Biogen, one of the oldest independent biotech companies worldwide, marks its entry in the field of ophthalmology with its announcement on Thursday that it has struck a deal with Applied Genetic Technologies Corp (AGTC) to develop gene based therapies for a number of eye diseases.

Biogen, a giant in the field of multiple sclerosis treatment, said that under the deal, it would pay AGTC $124 million upfront and this includes a $30 million investment in the shares of AGTC.

AGTC, on its part, would remain entitled to royalties and milestone payments in the percentage of the annual net sales of any of the approved products as a result of the collaboration of the two companies.

Initial work focuses on rare diseases that affect the retina, which can lead to blindness; this includes one drug that is currently already been tested on humans and another that is still in preclinical development.

The treatment that now undergoes human trials is targeted for a disease known as X-linked Retinoschisis, a condition that primarily affects young men starting their teenage years and which can cause serious complications such as retinal detachment and vitreous hemorrhage.

The drug undergoing preclinical development, on the other hand, is for X-Linked Retinitis Pigmentosa, a condition that generally causes night blindness by the time a person reaches ten years of age. The condition can progress to legal blindness.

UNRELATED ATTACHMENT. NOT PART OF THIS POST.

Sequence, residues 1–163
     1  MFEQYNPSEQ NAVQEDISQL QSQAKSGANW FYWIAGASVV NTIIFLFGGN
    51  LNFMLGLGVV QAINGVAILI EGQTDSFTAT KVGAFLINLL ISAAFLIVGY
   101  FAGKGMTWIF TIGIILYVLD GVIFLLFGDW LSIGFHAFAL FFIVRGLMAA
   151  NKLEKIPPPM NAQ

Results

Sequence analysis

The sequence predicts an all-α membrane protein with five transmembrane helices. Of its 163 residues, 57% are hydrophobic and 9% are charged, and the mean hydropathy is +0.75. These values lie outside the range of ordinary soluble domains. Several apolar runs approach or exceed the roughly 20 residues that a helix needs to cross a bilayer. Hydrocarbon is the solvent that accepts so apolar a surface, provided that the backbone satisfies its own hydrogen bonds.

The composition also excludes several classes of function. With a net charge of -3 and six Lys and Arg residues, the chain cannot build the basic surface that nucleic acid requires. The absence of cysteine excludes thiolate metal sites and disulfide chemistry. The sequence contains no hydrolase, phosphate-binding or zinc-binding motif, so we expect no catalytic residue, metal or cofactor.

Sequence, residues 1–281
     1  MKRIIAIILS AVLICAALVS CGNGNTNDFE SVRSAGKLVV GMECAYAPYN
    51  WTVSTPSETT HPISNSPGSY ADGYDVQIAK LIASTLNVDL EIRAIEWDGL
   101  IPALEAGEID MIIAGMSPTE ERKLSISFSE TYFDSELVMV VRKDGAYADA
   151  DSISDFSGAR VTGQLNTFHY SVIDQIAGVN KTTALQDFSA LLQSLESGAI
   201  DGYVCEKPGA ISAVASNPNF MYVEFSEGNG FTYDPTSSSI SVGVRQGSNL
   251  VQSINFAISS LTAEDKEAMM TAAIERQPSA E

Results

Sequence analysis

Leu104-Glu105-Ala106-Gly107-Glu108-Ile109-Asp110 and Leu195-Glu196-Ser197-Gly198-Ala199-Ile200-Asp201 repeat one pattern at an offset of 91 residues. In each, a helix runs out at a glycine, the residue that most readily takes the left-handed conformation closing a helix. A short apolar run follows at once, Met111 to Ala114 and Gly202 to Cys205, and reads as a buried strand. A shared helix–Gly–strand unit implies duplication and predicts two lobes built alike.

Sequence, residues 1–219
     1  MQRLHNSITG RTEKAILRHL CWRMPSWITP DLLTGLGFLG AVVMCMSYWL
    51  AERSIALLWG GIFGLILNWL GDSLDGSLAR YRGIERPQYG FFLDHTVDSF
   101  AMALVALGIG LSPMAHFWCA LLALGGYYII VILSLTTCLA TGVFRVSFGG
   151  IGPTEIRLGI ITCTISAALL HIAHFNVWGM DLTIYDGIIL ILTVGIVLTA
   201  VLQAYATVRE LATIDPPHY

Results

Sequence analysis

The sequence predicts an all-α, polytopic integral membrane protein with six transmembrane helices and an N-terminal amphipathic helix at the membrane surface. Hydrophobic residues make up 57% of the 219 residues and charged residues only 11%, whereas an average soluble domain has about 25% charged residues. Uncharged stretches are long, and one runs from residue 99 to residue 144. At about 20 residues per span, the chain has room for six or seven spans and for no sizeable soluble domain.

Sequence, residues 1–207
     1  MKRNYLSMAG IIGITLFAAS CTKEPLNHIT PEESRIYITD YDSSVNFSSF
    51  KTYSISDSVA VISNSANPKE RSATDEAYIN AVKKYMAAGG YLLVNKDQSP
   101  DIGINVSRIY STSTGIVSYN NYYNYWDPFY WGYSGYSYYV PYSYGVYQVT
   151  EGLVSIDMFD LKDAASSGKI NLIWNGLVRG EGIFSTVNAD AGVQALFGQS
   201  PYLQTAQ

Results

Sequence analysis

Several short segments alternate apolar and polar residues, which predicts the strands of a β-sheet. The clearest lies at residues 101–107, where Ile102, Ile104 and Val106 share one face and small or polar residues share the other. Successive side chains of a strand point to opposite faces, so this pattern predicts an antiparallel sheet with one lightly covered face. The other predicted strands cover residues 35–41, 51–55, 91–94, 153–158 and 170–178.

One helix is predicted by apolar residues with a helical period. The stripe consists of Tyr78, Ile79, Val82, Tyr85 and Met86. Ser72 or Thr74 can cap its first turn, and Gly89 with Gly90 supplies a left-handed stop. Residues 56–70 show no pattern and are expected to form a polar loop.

"Biogen's significant commitment to advancing gene therapies and demonstrated success in developing innovative therapies to treat complex diseases, combined with our proprietary manufacturing technology and extensive gene therapy experience, makes this an ideal partnership," said AGTC CEO and president Sue Washer.

Washer said that the collaboration will support the development of new treatments that could pave way for transformative treatment for rare inherited diseases.

Following the deal, Biogen will get the commercials rights for the programs that involve replacing the problematic gene that causes each of these conditions.

Gene therapy is an emerging and evolving field in medicine. Genes are crucial for controlling heredity and provides the biological code needed to determine the specific functions of cells. The most common form of gene therapy involves the use of DNA that encodes a gene to replace the problematic gene.

Biogen also pursues collaborative work on other gene therapy programs that target non-ophthalmic conditions such as sickle cell disease, blood disorders and beta thalassemia.

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